Philippe Citroën: Everybody knows that the current system is in bad need of reform. The situation today is unbearable: authorisation is time-consuming, costly, and in some countries unpredictable. We also face the problem that all NSAs use different procedures. Let me give you some figures to illustrate the enormity of the problem: Today, procedures to authorise a new locomotive can last up to two years and cost up to EUR 6 million; the costs for a single country authorisation can account for up to 10% of costs of a locomotive, and each additional country authorisation will increase the costs by another 10%. EUR 1.2 billion of capital is immobilised because it is standing idle and awaiting authorisation. In the end, the manufacturers face fines because of delayed deliveries.
Clearly, the problem is big and has an impact on the overall competitiveness of our industry. This problem requires a European solution. We have continuously asked the Commission to address this issue and I believe that with the technical pillar of the Fourth Railway Package, in particular with the proposal for a new interoperability directive and the new ERA regulation, the European Commission made a proposal that can solve the problems.
In fact, for the past years UNIFE has continuously lobbied for an improvement of the authorisation processes of today and we are pleased with the proposals that the European Commission made on the technical pillar of the Fourth Railway Package. I believe that the structure proposed in the Fourth Railway Package, and in particular in the Interoperability Directive and the ERA Regulation, will indeed deliver, especially after the Council of 10 June clarified some points. In my opinion, we must have a strong European Railway Agency at the centre of the Single European Railway Area – at least this is what the shortcomings of today’s decentralised system suggest. We need a strong ERA that issues authorisations and that ensures that European processes are implemented in the member states. We must not forget that today’s situation would not be satisfactory even if authorisation processes worked perfectly in every country: it would still be expensive and cumbersome to have rolling stock authorised separately in every country where it might operate.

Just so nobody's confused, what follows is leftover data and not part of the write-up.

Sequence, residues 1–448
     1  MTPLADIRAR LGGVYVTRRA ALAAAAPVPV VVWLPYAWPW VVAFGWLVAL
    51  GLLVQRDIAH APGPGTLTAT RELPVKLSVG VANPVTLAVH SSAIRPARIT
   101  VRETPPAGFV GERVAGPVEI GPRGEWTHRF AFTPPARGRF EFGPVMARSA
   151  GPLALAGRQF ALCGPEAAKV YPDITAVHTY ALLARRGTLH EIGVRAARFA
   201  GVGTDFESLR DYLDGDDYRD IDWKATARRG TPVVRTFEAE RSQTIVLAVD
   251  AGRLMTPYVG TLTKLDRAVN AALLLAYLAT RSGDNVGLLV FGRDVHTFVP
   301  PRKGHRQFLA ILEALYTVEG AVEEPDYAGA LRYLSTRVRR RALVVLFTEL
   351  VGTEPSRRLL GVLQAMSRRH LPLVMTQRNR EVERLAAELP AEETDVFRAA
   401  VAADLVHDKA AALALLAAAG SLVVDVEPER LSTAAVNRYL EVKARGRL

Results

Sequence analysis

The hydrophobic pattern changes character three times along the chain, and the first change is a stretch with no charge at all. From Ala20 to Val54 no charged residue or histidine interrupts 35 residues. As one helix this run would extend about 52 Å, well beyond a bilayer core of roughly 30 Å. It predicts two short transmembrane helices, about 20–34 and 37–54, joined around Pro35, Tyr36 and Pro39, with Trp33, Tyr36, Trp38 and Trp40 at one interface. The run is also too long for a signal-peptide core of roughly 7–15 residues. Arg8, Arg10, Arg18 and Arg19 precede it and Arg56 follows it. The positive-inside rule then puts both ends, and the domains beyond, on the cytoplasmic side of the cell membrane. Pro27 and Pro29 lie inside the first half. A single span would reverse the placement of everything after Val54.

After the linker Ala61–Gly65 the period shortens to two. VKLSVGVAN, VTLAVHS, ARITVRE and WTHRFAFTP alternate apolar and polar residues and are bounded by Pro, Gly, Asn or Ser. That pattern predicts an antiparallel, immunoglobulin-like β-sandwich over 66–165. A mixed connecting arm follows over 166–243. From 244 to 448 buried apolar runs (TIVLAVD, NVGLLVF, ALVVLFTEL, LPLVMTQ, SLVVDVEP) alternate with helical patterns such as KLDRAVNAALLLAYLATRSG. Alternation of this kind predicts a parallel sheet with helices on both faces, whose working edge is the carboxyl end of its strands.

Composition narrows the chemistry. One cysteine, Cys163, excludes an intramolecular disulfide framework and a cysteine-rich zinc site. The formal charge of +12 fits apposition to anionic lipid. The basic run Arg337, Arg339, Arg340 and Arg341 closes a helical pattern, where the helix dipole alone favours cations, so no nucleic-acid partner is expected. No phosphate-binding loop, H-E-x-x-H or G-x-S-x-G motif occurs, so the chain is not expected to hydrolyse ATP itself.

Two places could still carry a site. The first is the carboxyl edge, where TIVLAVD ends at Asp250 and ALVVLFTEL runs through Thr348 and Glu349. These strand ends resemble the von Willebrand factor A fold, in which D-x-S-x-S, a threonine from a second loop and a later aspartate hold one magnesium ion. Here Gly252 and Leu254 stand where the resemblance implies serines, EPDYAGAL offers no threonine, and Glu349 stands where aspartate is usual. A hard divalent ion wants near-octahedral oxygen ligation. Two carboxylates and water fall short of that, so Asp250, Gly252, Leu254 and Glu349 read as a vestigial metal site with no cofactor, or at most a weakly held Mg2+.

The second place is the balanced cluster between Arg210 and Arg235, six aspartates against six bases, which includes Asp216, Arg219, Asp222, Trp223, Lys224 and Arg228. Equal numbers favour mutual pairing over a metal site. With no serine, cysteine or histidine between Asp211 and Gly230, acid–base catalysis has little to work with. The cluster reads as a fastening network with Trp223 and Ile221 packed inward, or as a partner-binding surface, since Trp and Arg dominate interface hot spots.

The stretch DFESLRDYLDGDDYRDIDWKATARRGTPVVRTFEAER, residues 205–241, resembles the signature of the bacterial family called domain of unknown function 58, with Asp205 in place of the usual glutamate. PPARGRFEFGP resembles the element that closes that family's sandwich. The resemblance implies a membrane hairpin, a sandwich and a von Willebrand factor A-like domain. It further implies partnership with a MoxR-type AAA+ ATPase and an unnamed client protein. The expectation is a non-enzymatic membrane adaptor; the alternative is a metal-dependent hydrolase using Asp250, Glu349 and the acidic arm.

I firmly believe that the structure proposed will help solve this issue if the member states and NSAs cooperate. UNIFE is very happy with the compromise that was agreed upon in the Council of Transport ministers on 10 June, and would particularly like to thank all the efforts made by the Irish presidency and Vice-President Kallas’ teams at DG Move to negotiate an acceptable compromise. Additionally, UNIFE would also like to recognise the hard work on the compromise done by the National Associations of UNIFE and also by our friends at CER.